Pansies bloom profusely in early spring, bringing a bright splash of color to garden beds before many other flowers bloom. These robust flowers are part of the viola family. Derived from violas grown in ancient Greece for medicinal purposes, modern pansies are larger but maintain the same overall shape. According to High Country Gardens, in the early 1800s, William Thompson, an English gardener, crossed several species of viola to develop the traditional pansy seen today. By 1880 over 100,000 packets of pansy seeds had been sold in America.
Start pansy seeds inside 8 to 10 weeks before the last expected frost for early spring blooms.
Fill individual pots or flats with seed starter. Sprinkle pansy seed over the top of moist seed starter and barely cover with soil. Mist to moisten soil.
Place in the refrigerator, or in an area that maintains temperatures of 40 degrees F, for 5 days to cold stratify the seeds.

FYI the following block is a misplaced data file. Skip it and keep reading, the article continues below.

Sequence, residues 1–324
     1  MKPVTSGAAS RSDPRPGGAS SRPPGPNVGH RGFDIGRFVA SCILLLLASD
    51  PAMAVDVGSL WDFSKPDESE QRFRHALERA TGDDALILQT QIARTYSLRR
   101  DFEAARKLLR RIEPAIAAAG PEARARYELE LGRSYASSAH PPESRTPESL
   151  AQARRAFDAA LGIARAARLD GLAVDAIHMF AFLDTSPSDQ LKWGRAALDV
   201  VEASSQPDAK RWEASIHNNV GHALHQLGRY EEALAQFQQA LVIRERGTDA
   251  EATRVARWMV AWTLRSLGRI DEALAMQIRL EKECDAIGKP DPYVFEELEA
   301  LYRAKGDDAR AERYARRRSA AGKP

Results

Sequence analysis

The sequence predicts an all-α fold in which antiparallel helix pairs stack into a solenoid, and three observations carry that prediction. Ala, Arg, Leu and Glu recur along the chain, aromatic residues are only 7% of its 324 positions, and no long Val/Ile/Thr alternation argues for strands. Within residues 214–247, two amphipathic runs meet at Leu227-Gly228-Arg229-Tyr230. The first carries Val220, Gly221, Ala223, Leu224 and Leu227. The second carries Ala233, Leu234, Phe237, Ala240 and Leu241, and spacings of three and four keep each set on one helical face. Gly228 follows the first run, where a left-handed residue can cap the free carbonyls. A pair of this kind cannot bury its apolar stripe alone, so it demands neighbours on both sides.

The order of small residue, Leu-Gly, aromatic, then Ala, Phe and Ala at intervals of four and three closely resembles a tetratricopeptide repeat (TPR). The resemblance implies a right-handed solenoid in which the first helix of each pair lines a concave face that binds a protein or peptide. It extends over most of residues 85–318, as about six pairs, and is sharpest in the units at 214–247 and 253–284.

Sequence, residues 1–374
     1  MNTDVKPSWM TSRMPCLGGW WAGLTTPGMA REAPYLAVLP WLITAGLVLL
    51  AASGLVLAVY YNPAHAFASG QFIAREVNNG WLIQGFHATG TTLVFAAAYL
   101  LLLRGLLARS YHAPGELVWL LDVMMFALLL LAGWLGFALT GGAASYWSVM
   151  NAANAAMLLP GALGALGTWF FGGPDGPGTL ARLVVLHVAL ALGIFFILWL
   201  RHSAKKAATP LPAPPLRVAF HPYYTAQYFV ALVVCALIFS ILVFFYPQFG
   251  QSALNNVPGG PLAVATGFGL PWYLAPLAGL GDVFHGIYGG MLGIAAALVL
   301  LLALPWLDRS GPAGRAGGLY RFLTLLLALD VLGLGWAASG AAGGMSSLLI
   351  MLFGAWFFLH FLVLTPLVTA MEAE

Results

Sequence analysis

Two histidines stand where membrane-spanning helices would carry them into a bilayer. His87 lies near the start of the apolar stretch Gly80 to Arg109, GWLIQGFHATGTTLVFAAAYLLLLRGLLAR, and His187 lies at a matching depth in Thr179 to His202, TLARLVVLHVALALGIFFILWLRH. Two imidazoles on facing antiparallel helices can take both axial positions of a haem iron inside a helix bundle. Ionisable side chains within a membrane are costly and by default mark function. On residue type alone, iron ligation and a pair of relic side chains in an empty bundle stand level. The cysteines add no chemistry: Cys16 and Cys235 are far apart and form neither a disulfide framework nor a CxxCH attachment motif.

Place in a cool dark place to germinate. Pansies germinate at temperatures below 70 degrees F and require darkness to germinate. Check daily and mist to keep soil moist.
Move to a sunny location once seedlings emerge in about 14 to 21 days. Avoid direct light from western or southern windows. Pansies prefer cool temperatures and thrive on a cool eastern or northern windowsill in temperatures between 55 and 65 degrees F.
Transplant to the garden when danger of frost has passed. Pansies like direct sun, but may suffer from direct afternoon sun in hot climates. Select a location with bright morning light and filtered afternoon sun for best results.